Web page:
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Last updated on April 23, 2014 at 21:24 EDT

LA Attempting To Save Rainwater

February 2, 2010

In an attempt to mitigate the negative effects of urbanization, a proposed law would require new developments in Los Angeles to capture and recycle runoff from rainstorms. Those affected are builders of new homes, larger developments and some redevelopments, according to the LA Times.

The Department of Public Works approved the ordinance in January that would require projects to capture, reuse or infiltrate 100% of the runoff generated in a 3/4-inch rainstorm, or to pay a storm water pollution mitigation fee that would help fund off-site, low-impact public developments.

This new approach is designed to control runoff at its source with small, cost-effective natural systems instead of treatment facilities.  This would also help improve water quality and recharge groundwater.

Paula Daniels, Board of Public Works Commissioner, said the new requirements would prevent 104 million gallons of polluted urban runoff from ending up in the ocean.

Builders would be required, under the ordinance, to use rainwater storage tanks, permeable pavement, infiltration swales or curb bump-outs to manage the water where it falls.

The builders who are unable to manage 100% of a project’s runoff on site would be fined $13 a gallon of runoff not handled there. The Building Industry Association has been fighting this.

“The Building Industry Assn. is supportive of the concept of low-impact development and has invested a lot of time and energy in educating our members on those techniques and advancing those technologies,” said Holly Schroeder, executive officer of the L.A.-Ventura County chapter of the association.

“But when we now start talking about using LIDs as a regulatory tool, we need to make sure we devise a regulation that can be implemented successfully.”

According to Schroeder, some building projects, like the ones in downtown L.A. where soil is high in clay, would have difficulty with a 100% retention rule, leaving the $13-a-gallon mitigation fee to be very costly.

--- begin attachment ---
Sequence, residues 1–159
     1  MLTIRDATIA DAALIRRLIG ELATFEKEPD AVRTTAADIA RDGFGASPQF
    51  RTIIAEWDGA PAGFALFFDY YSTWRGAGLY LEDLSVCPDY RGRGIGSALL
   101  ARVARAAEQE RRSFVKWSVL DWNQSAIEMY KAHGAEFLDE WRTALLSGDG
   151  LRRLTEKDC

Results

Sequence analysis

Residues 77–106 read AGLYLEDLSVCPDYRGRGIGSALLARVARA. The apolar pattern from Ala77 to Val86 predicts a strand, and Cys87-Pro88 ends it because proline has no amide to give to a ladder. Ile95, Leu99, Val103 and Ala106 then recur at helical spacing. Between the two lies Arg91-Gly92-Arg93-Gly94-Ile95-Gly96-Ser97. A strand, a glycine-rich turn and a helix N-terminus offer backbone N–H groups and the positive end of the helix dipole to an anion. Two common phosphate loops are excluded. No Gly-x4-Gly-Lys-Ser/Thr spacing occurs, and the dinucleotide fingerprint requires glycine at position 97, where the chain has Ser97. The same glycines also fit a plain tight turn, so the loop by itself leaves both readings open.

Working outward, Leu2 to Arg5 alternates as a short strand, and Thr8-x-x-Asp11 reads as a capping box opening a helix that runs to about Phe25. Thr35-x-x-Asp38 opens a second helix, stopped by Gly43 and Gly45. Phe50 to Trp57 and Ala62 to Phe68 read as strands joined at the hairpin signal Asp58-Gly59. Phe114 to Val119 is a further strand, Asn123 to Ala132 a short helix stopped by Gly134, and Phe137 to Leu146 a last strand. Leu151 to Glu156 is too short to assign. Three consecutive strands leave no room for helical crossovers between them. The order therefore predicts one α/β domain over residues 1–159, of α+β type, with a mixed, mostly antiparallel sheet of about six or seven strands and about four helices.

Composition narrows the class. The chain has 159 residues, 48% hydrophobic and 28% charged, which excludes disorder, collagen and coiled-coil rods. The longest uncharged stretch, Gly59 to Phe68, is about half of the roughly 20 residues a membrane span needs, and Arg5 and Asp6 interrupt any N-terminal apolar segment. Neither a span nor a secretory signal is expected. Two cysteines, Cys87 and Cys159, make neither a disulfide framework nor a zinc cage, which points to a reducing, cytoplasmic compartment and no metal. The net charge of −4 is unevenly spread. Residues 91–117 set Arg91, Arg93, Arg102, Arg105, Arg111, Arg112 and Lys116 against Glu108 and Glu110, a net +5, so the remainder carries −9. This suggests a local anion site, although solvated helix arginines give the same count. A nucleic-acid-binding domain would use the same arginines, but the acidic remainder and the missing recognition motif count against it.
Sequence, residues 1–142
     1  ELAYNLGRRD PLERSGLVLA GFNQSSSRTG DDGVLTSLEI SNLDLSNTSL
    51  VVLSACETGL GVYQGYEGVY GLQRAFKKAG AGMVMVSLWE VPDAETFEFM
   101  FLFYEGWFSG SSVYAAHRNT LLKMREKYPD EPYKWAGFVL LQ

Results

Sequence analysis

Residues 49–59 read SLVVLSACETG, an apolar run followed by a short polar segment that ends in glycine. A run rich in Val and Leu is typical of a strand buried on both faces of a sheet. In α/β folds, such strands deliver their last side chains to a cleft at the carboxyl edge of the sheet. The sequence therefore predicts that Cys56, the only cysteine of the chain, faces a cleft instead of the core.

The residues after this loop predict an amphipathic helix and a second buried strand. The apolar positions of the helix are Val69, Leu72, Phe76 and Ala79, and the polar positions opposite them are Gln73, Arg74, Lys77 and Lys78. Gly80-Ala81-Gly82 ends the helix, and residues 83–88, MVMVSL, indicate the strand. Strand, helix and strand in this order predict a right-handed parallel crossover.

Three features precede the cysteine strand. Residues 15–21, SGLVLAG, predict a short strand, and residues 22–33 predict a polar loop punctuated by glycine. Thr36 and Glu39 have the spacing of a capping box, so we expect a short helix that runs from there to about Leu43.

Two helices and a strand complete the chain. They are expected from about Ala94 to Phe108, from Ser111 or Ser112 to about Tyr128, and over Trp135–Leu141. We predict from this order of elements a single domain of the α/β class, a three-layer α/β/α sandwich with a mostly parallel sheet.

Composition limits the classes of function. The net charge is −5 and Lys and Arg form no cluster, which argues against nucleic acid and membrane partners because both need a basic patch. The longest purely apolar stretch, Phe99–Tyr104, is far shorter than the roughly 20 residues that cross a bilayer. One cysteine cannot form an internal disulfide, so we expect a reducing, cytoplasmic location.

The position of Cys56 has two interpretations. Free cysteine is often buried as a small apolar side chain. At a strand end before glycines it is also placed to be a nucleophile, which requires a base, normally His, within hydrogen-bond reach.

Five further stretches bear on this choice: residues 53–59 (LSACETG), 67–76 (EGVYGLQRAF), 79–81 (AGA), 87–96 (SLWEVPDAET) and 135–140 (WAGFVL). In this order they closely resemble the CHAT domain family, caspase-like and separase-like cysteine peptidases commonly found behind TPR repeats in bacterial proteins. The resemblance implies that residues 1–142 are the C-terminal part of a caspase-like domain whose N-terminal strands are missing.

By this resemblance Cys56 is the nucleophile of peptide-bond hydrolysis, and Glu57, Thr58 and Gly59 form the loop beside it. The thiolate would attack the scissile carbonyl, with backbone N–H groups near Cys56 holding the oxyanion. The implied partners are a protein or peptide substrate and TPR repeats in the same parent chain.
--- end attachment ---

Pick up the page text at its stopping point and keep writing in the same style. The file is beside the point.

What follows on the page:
She said one could pay a fee as high as $238,000 on a one-acre building on ground where runoff could not be managed on site.

“We’re seeking flexibility to reflect the site circumstance,” she said.

The Board of Public Works has acquiesced on some points because of the business groups that were opposed to an earlier draft.

“We worked out something with the business community that they can release the runoff if they first run the water over a high-efficiency bio-filtration system,” Daniels said. “In other words, they have to clean it first.”

The mitigation fee has already been decreased from $20 a gallon. 

The Times reported that the fees will help fund public low-impact developments, like the Oval Street project planned for Mar Vista, where 24,000 linear feet of parkway will be retrofitted with porous pavement, bio-retention basins and other water infiltration strategies designed to capture 2 million gallons of storm water that would otherwise flow to the ocean.

Daniels hopes this ordinance will be approved in the next six months and take effect by 2011.

“I don’t want to waste another rainy season,” she said.